The Smock Alley Theatre is the oldest theater in Dublin that is still putting on performances today. Technically, the venue first opened as the Theatre Royal in 1662. The original theater was the only Theatre Royal ever to be built outside of London, and it entertained 300 guests a night, seven days a week. Unfortunately, the Royal Theatre at Smock Alley ran into trouble during the 17th-century Puritan crackdown, then partially collapsed in the 18th century. The performances stopped, and the building was first used as a whiskey store before then converted into a church. Now the former church near the Liffey River has once again returned to its artistic beginnings. The newest old theater in Dublin has a diverse lineup of dance, drama, and other creative encounters.

More Performance Venues in Dublin

  • New Theatre: Located in the popular Temple Bar district of Dublin, the New Theatre hosts part of the city’s Fringe Festival.
  • The Helix: This performance venue on the main campus of Dublin City University has a lineup that spans from ballet and philharmonic shows to rock concerts.
  • Bord Gáis Energy Theatre: Located in the Docklands, the Bord Gáis Energy Theatre is a modern glass and metal venue that is Ireland’s largest fixed-seat theatre. It was formally known as the Grand Canal Theatre and is the city’s main venue for international musicals.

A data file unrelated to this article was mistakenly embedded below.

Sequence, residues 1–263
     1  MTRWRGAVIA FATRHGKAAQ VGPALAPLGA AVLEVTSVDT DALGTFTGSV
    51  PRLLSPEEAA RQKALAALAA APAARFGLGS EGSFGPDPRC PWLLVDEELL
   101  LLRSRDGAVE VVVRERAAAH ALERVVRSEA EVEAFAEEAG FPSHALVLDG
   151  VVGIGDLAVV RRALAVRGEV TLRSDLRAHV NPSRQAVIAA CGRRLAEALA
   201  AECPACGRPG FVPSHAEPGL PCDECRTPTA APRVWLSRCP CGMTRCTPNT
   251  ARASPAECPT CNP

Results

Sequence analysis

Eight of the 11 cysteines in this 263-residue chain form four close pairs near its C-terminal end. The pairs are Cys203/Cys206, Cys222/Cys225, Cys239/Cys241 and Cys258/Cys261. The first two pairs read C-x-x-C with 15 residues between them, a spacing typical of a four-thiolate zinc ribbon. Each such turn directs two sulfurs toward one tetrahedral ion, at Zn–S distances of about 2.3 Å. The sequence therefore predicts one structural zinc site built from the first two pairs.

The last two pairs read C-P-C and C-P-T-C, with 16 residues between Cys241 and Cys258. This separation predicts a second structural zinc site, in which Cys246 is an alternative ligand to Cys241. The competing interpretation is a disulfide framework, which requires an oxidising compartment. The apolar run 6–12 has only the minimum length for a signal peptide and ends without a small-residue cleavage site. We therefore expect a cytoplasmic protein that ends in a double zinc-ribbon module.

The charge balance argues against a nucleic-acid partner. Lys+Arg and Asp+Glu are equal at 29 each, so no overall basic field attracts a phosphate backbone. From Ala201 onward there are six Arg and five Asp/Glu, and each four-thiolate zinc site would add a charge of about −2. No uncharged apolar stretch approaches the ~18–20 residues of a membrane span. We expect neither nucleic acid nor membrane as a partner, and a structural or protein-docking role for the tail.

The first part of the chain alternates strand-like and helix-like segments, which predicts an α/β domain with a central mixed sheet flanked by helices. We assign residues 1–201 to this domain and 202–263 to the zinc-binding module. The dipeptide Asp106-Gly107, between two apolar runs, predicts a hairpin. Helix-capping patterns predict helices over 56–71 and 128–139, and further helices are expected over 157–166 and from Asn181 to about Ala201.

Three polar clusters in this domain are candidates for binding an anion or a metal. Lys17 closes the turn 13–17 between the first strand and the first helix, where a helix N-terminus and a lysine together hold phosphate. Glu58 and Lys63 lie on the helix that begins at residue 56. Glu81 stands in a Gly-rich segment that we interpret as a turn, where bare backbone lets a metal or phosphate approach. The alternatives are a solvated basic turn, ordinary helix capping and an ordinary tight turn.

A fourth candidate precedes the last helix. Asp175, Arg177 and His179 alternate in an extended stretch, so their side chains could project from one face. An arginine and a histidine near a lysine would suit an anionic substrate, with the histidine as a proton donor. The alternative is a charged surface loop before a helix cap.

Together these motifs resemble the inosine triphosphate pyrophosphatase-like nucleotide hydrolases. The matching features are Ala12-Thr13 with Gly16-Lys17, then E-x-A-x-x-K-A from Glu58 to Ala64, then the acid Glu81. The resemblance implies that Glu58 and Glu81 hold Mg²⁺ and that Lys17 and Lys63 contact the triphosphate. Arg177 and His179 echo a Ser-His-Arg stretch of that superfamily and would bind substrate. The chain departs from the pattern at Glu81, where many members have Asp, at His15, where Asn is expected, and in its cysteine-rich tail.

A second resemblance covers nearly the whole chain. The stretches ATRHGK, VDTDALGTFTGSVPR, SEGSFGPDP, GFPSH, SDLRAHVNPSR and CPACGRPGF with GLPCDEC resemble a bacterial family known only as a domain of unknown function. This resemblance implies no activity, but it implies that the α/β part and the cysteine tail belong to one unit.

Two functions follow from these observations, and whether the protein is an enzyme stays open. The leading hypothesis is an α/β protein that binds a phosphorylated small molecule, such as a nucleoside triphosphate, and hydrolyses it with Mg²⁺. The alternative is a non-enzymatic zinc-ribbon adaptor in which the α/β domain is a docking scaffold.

In addition to classic theaters—some of which play double duty between showcasing dramas and musical events—Dublin has some fantastic concert venues. Whether you are in the mood for a classical concert or a modern mosh pit, these are the best places to listen to live music in the city. (Outside of pubs, which have small performances, of course).

  • National Concert Hall: A traditional concert venue in the center of the city which hosts a variety of orchestral and more intimate music events.
  • 3Arena: A contemporary indoor amphitheater that is one of the largest music venues, used for major headliners visiting Dublin.
  • Blue Note Bar and Club: The city’s only venue that features jazz and Blues exclusively, located in Dublin 1.
  • The Academy: A multi-level venue with club nights, featuring artists from every genre in regular live performances.
  • DC Music Club: A 100-seat venue in the basement of one of Dublin’s historic Georgian houses.

Dress Code

Smart dress is recommended if you are attending an evening play at any of Dublin’s classic famous theaters. This might include slacks and a jacket for men and a dressy (but not formal) outfit for women. There is no need for black-tie gala wear, though opening nights tend to be more extravagant affairs than midweek shows. Other venues are unlikely to have enforced dress codes, and concerts can be quite casual, depending on the musical genre. Note that there are sometimes restrictions on the size of bags that are allowed inside, so it is best to leave backpacks and luggage at your accommodation before heading out for the night.